Cute white guy + I did catch up this past weekend, but it took only 2 minutes for me to see that nothing good would come of us hanging out. This man decided to tell me about all of his problems with his ex-girlfriend…while checking me out.
This isn’t the first time this has happened. A few months ago, I briefly dated a guy who, upon our first meeting, told me about his tragic childhood. I didn’t run; instead, I held his hand. Later, he told me that I was the first woman he allowed to come near him in years, and when I held his hand, he felt like he was healed.
I know. That might be the cheesiest thing you and I have ever heard, ever. We parted ways soon after that.
Last year, another guy constantly mentioned his ex-girlfriend, and told me about the problems they had. I was happy to help. My little brother always said I was like Olivia Pope. Whenever there’s a problem, I’m like:
It’s no surprise, then, that Western Mass is full of men who stumble out of relationships and then come find me. I can be really loving. I talk a lot but I’m also an excellent listener, and I happen to know how to make a guy feel like a million bucks after we’re finished talking. But I quickly realized that these men were emotionally benefitting from relatively new dating relationships. And I was getting nothing out of it.
Now, if you’ve been with someone a few years, it’s normal to go through a rough time and encourage them, lift their spirits up, and generally be ride or die. But on the first date? Or the third? My name isn’t Iyanla Vazant, and I can’t Fix Your Life.
Unlike Olivia Pope and Iyanla Vazant, I’m not being compensated–either financially, or emotionally, for the work I’m putting into solving your problems. As one of my good friends always said: fix yourself first + then come find me. I’ve learned that my problem solving skills need to be resolved for serious relationships. We can talk about your day, you can complain about work, or your car trouble, but I can’t be in your corner to help you fix your life. Black women are always, ALWAYS expected to solve everybody’s problems. I’m beginning to resent the expectation that we will problem solve for those who don’t really love us, or those who aren’t paying us to do so. What does that say about how we are valued by others?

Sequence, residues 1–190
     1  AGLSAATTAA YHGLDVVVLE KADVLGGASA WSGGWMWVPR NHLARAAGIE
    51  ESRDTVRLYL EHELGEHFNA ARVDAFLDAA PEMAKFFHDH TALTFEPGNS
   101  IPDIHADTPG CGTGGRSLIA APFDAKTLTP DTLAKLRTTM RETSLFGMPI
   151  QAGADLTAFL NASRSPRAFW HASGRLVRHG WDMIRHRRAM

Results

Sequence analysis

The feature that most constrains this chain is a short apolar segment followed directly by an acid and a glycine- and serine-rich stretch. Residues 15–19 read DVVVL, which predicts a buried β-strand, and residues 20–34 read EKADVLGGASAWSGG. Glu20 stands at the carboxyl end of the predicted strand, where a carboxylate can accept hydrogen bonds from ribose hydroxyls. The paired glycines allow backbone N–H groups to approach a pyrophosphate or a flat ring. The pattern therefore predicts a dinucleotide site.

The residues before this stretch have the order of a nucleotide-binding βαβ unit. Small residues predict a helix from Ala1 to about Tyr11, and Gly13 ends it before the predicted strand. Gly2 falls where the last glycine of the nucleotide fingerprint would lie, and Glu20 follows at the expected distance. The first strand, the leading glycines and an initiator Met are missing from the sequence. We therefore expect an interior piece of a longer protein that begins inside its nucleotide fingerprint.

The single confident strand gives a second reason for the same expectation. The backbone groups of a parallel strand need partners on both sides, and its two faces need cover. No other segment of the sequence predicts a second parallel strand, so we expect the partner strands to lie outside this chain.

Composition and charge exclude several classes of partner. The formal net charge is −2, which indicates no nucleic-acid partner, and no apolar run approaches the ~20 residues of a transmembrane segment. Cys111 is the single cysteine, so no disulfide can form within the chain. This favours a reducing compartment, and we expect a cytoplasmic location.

I found that the more I helped a guy out of a rough spot, the farther they run once they’re healed and fixed up. True story. Unless you’ve been with a man for a long time, they’re not looking for you to come in and rescue them. Nah. Instead, they metaphorically lean on my 36Cs, cry their hearts out, and then pretend that their crisis never happened. They turn around and help some woman who needs to be rescued, and forget about the one who helped them heal emotionally.
I’ve always known this truth; it was just difficult for me to detect the pattern in my dating life. I don’t ever date guys for long stretches of time. Once I figure out that we won’t get married, I shut everything down. So I listened to the problems of men because I cared, and offered to help because I always want to be a good friend.
But no more.
Cute white guy is cool. We can chop it up for hours talking about any and everything. This weekend, we spoke briefly, but he managed to give me a detailed history of when his ex defriended, and then re-friended him on Facebook (in between complimenting me on how good I looked). Inwardly I rolled my eyes and tacked on a smile.
“You know they say if you’re still friends with your ex on Facebook, you’re not really over her,” I made sure my smile was wide, my tone loaded down with a ton of sugar.
“But I am!…Maybe I’ll see you on Wednesday? We always run into each other at that coffeeshop…”
I smiled, and walked away.
But mentally I was like:
be protective of your heart,